• Share relevant information/content about your organization
  • Put links to your event in your tweets
  • Build engaged community before and during your event
  • Invite people to retweet information on your cause
  • Say thank you to people who retweet your post
  • Set up twitter to post tweets directly onto your Facebook page
  • Tweet links to event videos, & testimonials
  • Keep up your presence with meaningful information on your cause
  • Continue to build an interested community
  • Link to YouTube presentations from the event


  • Create a group for your organization.
  • Post information about your events in your group.
  • At the same time, foster robust discussion groups and encourage members of your group to join the discussion
  • Link to YouTube presentations from the event
  • Share your successes

Your  social media initiatives should live on, extending the life of your events. Social media makes it easier for you to reach out to attendees, volunteers and sponsors and keep them engaged.

Need help with your social media initiatives for your next event? Please contact me at





Are you converting your event donors to program donors?

Your nonprofit just completed a successful event. Whether it was a black-tie dinner or fun run, you now have a great opportunity to engage the participants and acquire new donors and/or sponsors.

Create a conversion campaign. Add post-event action steps into your event planning. Here are some simple, but powerful ideas:

  • Post-event surveys
  • Invitations to sign up for e-newsletter
  • Updates on programs
  • Announcements of volunteer opportunities at future events and programs
  • Invitation to hold a third party event (see earlier post The Lure of Independent Fundraising Events)
  • Other ways to stay in touch
  • Add information about your programs and the people you touch in your auto-responder
  • Use Social Media to encourage and sustain conversations
  • Add information to your website and e-newsletter on what you are doing as a result of the fundraising event.
  • Schedule ways to stay in contact
  • Hold a brain storming session with your leadership to identify prospects.
  • Develop an email conversion strategy to educate and encourage a lasting relationship.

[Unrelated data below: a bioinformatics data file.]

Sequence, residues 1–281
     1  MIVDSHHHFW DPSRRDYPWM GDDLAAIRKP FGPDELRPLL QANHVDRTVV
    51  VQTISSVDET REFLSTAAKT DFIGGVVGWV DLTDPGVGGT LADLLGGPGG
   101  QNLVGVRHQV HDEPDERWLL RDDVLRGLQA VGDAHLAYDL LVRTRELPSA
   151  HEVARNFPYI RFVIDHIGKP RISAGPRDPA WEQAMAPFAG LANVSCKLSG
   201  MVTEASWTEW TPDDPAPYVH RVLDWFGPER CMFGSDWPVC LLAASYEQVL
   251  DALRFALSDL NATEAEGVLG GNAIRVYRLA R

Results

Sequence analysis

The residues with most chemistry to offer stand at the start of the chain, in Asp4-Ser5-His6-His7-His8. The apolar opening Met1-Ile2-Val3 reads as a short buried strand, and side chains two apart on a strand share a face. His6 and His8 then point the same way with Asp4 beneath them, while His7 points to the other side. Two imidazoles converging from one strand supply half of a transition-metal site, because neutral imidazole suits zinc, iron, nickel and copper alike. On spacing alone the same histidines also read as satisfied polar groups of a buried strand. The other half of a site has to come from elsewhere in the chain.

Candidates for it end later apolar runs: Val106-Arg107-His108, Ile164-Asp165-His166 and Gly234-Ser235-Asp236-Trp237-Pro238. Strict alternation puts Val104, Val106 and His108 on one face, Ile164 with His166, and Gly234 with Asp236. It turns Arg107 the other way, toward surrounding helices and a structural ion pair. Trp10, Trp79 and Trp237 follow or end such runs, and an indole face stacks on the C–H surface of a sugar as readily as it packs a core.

You need to be realistic. You need to analyze the reasons people came to your event. Then tailor your outreach to your prospects:

  • Were they asked by a friend? If so, you might be able to engage them to hold an independent fundraising event.
  • Do they support your mission? Invitations to on-site visits and lectures with leading authorities in your field will be appealing.
  • Are family members touched by the issues you tackle? In this case a compelling  appeal focused on a specific program that will help ensure quality of life might lead to a new donation.

Regardless of the pathway, be sure to say thank you and stay in touch. In today’s world, you can launch a conversion campaign through your electronic fundraising provider. Speak with your website designer to ensure that your landing page is up-to-date and makes it easy to contact you and make a donation.

Do you have any examples of successful conversion programs? Need any help?

Please contact me at



The lure of independent fundraising events

In a recent blog post Fundraising without special events? No Way! I review the importance of integrating special events into development, which I learned in 2007 from Jeff Shuck, President & CEO Event360.

Giving hierarchy integrated with special events

Today’s post focuses on Independent Fundraising Events (IFE). These are activities designed and run by non-staff volunteers to raise money on behalf of a specific nonprofit. They are conducted locally with minimal support from the beneficiary.

The types of activities that these local supporters conduct are quite literally endless. They can range from a bake or garage sale to a wine tasting or gallery opening.

One of the major advantages of IFE is that the costs are covered by the independent event organizers.

Other benefits of IFE –

  • An effective addition to any organization’s development portfolio.
  • Independent fundraisers are more likely to have a much stronger and direct emotional connection to the organization.